Are credit card solicitations received in the mail legitimate?
It is not unlawful for a bank or credit card company to solicit you to apply for a credit card through the mail. If you are being asked to pay an upfront fee for the privilege of receiving a credit card or you are not familiar with the reputation of the company soliciting your business, you should call the state bank regulator of the entity's headquarters state (if it is a state-chartered bank) or the Office of the Comptroller of the Currency (in the case of all national banks) to determine the legitimacy of the entity. Your local Better Business Bureau may also be helpful.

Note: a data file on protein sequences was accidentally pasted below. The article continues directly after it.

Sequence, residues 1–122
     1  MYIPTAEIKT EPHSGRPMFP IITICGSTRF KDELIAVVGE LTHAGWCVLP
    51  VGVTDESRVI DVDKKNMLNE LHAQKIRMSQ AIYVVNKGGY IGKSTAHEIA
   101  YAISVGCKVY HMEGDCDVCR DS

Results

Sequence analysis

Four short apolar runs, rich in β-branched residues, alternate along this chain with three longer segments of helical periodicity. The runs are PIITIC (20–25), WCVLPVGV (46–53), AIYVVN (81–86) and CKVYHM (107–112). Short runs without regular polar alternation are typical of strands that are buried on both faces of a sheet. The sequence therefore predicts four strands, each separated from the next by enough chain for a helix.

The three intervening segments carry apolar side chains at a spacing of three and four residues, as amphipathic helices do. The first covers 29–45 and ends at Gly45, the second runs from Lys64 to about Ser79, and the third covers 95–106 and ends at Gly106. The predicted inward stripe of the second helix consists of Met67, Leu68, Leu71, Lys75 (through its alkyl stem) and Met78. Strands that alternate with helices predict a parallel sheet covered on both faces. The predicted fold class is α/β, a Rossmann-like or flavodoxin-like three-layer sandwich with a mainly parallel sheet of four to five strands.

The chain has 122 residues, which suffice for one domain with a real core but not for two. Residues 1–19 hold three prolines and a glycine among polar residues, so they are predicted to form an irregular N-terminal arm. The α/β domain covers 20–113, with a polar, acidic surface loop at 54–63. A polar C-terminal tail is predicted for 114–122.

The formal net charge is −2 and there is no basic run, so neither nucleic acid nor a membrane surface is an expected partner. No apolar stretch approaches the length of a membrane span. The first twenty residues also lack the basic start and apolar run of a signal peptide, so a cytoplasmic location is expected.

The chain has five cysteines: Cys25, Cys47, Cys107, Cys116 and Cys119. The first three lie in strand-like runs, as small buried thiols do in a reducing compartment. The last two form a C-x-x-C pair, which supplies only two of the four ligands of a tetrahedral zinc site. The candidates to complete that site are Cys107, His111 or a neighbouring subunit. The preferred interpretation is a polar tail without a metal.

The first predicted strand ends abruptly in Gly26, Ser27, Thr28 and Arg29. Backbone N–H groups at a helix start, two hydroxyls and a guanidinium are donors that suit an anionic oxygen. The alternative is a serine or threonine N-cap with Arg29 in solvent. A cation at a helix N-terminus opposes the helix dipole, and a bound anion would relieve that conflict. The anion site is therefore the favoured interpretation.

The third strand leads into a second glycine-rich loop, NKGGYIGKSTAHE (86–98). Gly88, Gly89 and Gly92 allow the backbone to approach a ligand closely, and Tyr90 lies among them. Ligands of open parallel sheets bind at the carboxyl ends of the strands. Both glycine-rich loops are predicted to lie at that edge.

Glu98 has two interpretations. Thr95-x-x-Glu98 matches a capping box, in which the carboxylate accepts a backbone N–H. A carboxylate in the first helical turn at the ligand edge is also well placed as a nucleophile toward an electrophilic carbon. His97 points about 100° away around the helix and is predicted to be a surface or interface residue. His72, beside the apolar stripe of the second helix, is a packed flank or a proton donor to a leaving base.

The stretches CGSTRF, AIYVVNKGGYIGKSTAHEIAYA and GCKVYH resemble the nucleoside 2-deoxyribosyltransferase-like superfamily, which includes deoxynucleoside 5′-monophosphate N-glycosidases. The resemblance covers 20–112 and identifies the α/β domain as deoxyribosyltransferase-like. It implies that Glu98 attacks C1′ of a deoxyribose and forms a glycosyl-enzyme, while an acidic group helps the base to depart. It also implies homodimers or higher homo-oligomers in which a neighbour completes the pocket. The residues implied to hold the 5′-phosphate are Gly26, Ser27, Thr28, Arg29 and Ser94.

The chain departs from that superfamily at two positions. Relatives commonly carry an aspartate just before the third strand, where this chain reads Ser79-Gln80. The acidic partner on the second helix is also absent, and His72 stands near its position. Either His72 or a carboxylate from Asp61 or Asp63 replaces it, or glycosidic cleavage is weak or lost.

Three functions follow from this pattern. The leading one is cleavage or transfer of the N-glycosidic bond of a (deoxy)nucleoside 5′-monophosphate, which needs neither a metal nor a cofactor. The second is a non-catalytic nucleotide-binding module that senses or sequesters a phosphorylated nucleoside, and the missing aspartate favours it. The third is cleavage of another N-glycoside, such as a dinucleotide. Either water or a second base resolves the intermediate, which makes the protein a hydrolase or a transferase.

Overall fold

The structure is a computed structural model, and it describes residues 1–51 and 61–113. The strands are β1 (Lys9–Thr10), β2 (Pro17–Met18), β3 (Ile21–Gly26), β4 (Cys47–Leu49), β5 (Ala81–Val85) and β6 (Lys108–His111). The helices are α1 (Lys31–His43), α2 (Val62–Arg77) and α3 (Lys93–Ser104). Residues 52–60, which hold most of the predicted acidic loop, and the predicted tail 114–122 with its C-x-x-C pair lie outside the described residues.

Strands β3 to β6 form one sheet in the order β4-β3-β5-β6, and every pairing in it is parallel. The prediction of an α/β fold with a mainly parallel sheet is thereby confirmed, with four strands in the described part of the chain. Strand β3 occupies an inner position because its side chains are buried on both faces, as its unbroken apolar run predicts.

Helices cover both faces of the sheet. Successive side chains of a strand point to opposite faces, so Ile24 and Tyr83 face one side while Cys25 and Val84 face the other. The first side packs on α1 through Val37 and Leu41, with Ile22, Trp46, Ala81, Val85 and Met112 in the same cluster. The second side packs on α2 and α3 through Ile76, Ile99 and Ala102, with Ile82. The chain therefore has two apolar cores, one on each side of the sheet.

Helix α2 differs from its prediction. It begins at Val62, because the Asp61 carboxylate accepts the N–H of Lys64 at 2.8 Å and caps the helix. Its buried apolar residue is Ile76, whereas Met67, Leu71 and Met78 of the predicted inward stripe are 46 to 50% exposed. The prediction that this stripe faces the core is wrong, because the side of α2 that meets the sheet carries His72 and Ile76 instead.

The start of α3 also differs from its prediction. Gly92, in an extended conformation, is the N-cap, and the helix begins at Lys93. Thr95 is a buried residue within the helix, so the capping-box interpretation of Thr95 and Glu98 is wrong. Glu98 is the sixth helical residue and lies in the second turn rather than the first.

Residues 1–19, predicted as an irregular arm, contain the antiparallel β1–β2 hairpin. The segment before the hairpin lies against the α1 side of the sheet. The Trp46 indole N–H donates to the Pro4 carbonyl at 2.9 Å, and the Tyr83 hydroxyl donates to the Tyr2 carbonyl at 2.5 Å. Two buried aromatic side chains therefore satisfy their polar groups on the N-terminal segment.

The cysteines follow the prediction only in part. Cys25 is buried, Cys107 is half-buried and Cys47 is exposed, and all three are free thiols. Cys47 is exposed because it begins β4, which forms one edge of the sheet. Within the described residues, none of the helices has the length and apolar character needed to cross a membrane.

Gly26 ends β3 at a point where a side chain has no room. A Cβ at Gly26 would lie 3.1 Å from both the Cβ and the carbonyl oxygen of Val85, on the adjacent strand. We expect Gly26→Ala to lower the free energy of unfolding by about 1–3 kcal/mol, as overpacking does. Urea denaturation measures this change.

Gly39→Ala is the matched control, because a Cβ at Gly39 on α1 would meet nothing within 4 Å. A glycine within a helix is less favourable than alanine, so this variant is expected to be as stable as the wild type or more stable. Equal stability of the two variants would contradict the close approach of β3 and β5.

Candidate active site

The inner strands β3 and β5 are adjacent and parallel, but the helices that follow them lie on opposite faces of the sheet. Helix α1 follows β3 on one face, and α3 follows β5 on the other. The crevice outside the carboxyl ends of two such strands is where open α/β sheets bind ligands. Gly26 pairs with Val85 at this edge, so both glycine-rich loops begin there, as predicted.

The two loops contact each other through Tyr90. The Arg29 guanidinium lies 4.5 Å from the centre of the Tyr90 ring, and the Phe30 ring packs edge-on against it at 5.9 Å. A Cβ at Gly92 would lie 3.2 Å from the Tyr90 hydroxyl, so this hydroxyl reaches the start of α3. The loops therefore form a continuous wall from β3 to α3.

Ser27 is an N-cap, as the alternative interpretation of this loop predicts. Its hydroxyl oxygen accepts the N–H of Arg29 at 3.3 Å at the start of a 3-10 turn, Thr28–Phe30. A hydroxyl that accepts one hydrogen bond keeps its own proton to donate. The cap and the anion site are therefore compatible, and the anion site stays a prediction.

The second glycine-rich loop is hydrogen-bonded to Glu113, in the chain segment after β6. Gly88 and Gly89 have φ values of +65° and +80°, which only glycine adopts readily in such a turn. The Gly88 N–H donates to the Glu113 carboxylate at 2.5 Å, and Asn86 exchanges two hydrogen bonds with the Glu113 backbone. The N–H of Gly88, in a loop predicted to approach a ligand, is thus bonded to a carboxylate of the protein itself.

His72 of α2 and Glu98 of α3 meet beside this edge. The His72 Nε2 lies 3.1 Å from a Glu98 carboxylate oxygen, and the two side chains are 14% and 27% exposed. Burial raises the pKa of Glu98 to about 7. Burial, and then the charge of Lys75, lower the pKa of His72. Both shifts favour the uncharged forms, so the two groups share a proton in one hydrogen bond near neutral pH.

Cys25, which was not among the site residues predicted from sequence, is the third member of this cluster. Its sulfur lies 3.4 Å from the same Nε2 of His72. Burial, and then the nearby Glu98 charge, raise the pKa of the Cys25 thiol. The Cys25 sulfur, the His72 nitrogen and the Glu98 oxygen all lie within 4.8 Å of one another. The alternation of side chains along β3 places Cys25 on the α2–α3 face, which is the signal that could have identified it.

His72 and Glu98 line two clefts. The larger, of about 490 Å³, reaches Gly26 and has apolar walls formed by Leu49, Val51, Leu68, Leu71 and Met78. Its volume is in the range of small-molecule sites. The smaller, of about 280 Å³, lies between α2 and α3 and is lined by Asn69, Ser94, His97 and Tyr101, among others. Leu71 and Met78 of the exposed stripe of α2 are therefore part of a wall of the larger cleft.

Additionally, Section 520 of the New York General Business Law requires that all application forms or pre-approved written solicitations to enter into a credit card agreement for personal, household or family purposes must contain certain disclosures (e.g. APR., annual fee, grace period for purchases) in a box form. A similar requirement is found in Regulation Z of the Federal Reserve System.
New York State Consolidated Laws
New York General Business Law, Article 29-A, Section 520
Contact: Consumer Representative
or Fax: 2126186440